Or, as the author of the article says:
[H]istory shouldn’t be irrelevant to constitutional analysis. It can be a valuable tool when the historical record is fairly clear. . . . But the value of history to constitutional interpretation largely vanishes when the historical record isn’t clear – e.g., when it plausibly supports both interpretations. At this point, courts lack the institutional competence to decide which side’s cherry-picked history citations are more accurate. Judges aren’t historians. They haven’t been trained that way. They have no idea whether the subset of materials being presented is representative and sufficient and so on. Thus, when it’s close, courts need to move on to other interpretative methods.
I will concede history can stop a lot of judicial activism that we have experienced.  The author says that basic history shows that references to "domestic tranquility" (or "domestic violence") clearly refer to insurrection and rebellion and not to wife-beating.  I will add that the historical record provides no support for constitutionalizing the issues of abortion or same sex marriage.  But then again, one could figure that out simply by reading the text of the document.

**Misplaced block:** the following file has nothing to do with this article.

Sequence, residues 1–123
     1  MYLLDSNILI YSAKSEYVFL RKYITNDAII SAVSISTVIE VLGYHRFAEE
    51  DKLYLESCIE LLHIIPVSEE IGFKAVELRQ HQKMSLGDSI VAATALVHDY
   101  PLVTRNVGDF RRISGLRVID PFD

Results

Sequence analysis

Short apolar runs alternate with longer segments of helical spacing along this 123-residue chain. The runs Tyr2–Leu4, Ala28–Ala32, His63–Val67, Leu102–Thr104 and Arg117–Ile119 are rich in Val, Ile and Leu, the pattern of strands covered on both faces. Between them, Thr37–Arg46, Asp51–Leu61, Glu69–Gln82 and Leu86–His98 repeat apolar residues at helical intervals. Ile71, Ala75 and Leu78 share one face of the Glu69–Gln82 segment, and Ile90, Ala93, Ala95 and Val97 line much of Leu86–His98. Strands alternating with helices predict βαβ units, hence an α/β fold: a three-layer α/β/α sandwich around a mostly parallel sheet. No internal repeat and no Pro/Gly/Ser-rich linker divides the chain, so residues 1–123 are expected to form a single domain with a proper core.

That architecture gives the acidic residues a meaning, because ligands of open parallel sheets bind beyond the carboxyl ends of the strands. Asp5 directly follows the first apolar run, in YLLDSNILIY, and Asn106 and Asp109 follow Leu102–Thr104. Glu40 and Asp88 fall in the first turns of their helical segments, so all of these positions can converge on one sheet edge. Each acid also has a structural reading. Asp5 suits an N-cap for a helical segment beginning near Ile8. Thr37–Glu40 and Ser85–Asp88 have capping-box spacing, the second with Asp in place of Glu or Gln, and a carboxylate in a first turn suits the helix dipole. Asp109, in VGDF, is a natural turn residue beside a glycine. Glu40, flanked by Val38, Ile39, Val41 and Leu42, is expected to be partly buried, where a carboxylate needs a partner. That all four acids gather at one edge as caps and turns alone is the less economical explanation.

This leads to another point the author seeks to make.  Appeals to history and originalism reduce, rather than increase, the Constitution's accessibility.  The Constitution is written to be accessible to enlightened layperson (i.e., a moderately educated person with no special training in law or history, who has nonetheless read the Constitution itself).  It uses remarkably simple and accessible language with very little legalese.  Supreme Court interpretations of it should be accessible to an enlightened layperson as well.  IMHO (perhaps not shared by the author) that rules out using the Constitution to uphold abortion or same sex marriage, since it says nothing whatever on either subject.  But the author is quite right to point out that if interpreting the constitution requires a detailed study of conditions in the 17th and 18th Century, it ceases being accessible to the general public, or to lawyers and judges, for that matter, and becomes knowable only to professional historians.  "[D]ebates about text and structure and policy and institutional allocation of power are least potentially accessible to the public." More controversially, he argues that being bound by the historical record prevents judges from taking policy into account.  I am not altogether sure I agree.  I basically share the opinion that policy making should be left to the elective branches of the government and not the courts.  On the other hand, to the extent that originalism means that all branches of the government must address the issues of 1787 rather than the issues of today, or that the purpose of the Constitution is to ensure that if anything new and unexpected comes up, the government's hand will be tied and it will be forbidden from dealing with it barring a constitutional amendment, then the point is well taken.